Lausanne, city of health, “medical Mecca”, centre of multiple competencies… chroniclers never tire of recalling its long tradition of hospitality when it comes to medicine and treatment. Its geographical situation, the beauty of the area, its benign climate and pioneering spirit partly explain Lausanne’s extraordinary vocation in this domain.
Hospitals have been built here since the 11th century, a medical centre was established in the 16th century with the foundation of the Academy of Lausanne and great clinicians have not been slow to confer on the city an international reputation. Among these was the famous Dr Tissot (1728-1797), to whose practice patients would flock from all over Europe, as well as Jean de la Harpe, Matthias Mayor, Frédéric Recordon, Jules Gonin (after whom the present-day eye hospital is named), Edouard de Cérenville and César Roux, considered to be one of the founding fathers of modern surgery. From the 19th century onwards, universities started to provide vocational training in medicine whilst hospitals, hospices, maternity clinics and private clinics were built that would go on to gain in importance and repute during the 20th century.
It is upon this reputation that Lausanne has built a set of infrastructures capable of responding to any requirements; patients can choose between a variety of institutions, from the Vaudois University Hospital Centre (CHUV) to luxury private clinics, not to mention hospitals, maternity clinics and outpatient services. As a consequence of this, cutting-edge research centres find here the conditions and the mindset that fit in with their high aspirations, a prime example being the world-famous Swiss Institute for Cancer Research (ISREC). The notion of well-being in general has also stimulated the growth of numerous additional structures for alternative medicine, paramedical care and centres for relaxation and well-being.
Such lavish care depends on high-quality human resources and on technologies adapted to every medical specialisation, be it the forty services offered by the CHUV or the thirty-five clinics and maternity centres within the greater urban area, not to mention cosmetic surgery, pain management centres or medically assisted reproduction. This wide-ranging provision is concentrated within an easily accessible area and is much appreciated by a clientele from all over the world. Furthermore, many institutions have responded to the desire for wellbeing in general by developing alternative medicine, paramedical care and relaxation or wellbeing areas.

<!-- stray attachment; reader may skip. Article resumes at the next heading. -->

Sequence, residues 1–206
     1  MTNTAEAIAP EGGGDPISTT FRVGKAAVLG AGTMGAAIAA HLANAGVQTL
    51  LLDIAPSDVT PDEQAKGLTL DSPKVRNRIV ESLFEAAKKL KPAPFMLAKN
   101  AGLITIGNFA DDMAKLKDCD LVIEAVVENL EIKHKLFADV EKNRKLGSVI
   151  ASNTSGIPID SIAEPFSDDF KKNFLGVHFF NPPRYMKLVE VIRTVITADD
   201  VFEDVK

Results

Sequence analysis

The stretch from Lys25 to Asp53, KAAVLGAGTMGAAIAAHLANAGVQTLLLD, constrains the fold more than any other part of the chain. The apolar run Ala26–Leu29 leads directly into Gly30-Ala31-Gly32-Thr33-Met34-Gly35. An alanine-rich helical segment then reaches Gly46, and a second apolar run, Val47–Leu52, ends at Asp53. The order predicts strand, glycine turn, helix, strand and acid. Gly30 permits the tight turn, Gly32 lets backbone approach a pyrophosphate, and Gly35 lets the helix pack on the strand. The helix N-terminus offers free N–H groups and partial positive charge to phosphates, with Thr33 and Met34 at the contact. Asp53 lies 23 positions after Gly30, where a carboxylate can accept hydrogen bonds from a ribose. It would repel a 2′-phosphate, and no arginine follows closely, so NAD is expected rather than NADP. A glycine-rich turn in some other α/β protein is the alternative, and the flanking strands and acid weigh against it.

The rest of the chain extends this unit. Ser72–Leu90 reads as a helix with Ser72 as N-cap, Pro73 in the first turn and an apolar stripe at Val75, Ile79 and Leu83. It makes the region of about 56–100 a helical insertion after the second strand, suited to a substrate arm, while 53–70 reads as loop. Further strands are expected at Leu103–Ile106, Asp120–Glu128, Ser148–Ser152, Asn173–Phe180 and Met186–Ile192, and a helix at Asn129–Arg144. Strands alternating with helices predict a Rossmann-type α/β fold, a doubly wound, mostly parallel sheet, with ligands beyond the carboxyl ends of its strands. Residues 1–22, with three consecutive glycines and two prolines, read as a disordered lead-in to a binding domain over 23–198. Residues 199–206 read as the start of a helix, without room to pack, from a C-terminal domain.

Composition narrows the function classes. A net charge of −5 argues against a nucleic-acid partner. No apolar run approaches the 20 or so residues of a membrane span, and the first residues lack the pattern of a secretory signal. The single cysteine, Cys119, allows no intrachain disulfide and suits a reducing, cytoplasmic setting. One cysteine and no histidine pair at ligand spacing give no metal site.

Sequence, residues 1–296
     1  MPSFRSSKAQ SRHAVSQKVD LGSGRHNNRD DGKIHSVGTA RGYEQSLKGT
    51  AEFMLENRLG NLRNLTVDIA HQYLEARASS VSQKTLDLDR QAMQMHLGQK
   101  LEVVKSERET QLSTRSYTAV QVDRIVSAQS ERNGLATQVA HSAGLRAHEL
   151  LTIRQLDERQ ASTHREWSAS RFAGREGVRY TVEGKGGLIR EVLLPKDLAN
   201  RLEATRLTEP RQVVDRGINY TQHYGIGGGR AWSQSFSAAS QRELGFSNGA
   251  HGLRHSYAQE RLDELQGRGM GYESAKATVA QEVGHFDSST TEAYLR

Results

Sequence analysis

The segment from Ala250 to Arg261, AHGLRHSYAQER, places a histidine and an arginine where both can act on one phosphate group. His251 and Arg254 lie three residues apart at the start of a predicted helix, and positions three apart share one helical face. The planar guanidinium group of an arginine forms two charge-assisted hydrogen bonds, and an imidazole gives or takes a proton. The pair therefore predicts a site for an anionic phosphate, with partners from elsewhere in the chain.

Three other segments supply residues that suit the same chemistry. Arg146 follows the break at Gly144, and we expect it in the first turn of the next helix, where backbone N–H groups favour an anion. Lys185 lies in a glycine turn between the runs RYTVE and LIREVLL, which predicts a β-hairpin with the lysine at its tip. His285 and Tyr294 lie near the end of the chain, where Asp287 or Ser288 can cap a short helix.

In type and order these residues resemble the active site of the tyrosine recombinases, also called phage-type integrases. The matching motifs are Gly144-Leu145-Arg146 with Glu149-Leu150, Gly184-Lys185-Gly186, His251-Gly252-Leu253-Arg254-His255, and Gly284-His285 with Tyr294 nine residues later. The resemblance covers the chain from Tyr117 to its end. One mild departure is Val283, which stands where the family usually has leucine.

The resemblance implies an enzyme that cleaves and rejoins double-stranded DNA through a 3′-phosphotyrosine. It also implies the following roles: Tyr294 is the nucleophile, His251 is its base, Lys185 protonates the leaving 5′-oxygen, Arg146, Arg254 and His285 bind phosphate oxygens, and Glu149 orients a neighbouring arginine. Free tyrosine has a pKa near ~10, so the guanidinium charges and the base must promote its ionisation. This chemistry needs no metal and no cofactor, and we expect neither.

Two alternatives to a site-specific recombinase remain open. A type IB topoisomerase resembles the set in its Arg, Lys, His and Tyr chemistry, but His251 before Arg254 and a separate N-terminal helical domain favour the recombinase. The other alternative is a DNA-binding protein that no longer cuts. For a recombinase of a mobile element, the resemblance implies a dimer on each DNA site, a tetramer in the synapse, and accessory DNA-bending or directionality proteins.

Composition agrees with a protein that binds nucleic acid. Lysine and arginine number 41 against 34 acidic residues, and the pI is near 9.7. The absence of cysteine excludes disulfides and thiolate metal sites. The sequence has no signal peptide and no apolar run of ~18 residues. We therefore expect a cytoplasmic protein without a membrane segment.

Supported by its 9,700 colleagues, the CHUV admits over 45,000 patients a year. This institution is underpinned by a three-pronged approach: care, training and research. The CHUV is at the cutting edge of progress, being home most notably to a gene therapy centre, a multidisciplinary unit on the immunopathology of AIDS, a neurosurgical department, cardiology and cardiovascular departments and a serious burns unit, a memory centre and a hand centre.
The AGORA Cancer Centre will open for the first time in 2016. Bringing together 270 researchers and clinicians on the CHUV site under the governance of the CHUV, the University of Lausanne, the Federal Institute of Technology (EPFL) and the ISREC [Swiss Institute for Experimental Cancer Research] foundation, the Swiss Cancer Centre Lausanne will sustain skills and synergies in clinical and translational oncology research in Lausanne.
The city of Lausanne has six clinics: Bois-Cerf, Cecil, Clinique de Longeraie, La Source, Lémanic and Montchoisi. All these establishments judiciously combine the same standards of quality and comfort as the “Swiss Made” hotel industry with the best medical technology available, thanks to a comprehensive range of services in every aspect of medicine, surgery, well-being and health and fitness. The medical specialisms of these clinics have made them beacons of excellence (surgery, cardiovascular procedures and treatments related to alcohol and drugs, psychiatry, rejuvenation, wellness, comfort, etc.). On top of this come the hospitality aspect and the hotel services that are provided by personnel other than the nursing staff and are totally dedicated to the patients. Incidentally, several directors of clinics (apart from medical directors) have completed a course of training at the Lausanne Hotel School (EHL).
Lausanne has over one thousand doctors from all walks of life. Many of them have been trained locally, following the example of the nursing staff. To the Faculty of Medicine and Biology at the University of Lausanne and that of Life Sciences at the Federal Institute of Technology (EPFL) must be added the La Source Institute and School of Health Studies and the Vaud School of Health Sciences (Haute École de Santé Vaud), as well as various Swiss schools (osteopathy, physiotherapy, laboratory assistant school, etc.). In parallel and in keeping with the theme of well-being associated with Lausanne, numerous related specialist fields have enjoyed explosive growth: from acupuncture to yoga, via hypnosis, reflexology, etiopathy, sophrology and therapeutic and sports massage.
Lausanne is also well known for another kind of “medical tourism”: that of large-scale medical conventions, which have found here not only a city capable of hosting them in outstanding style, but also a tradition of guaranteed support, as demonstrated – and in turn perpetuated – by the presence of doctors, teachers and eminent scientists. The Vaudois University Hospital Centre (CHUV) – which has its own congress and conference centre – is a base for numerous meetings of this kind, along with the University of Lausanne, the Federal Institute of Technology in Lausanne (EPFL) and a number of centres of basic and applied research.
Editor: Newcom Partners Lausanne - Aurélie Moeri
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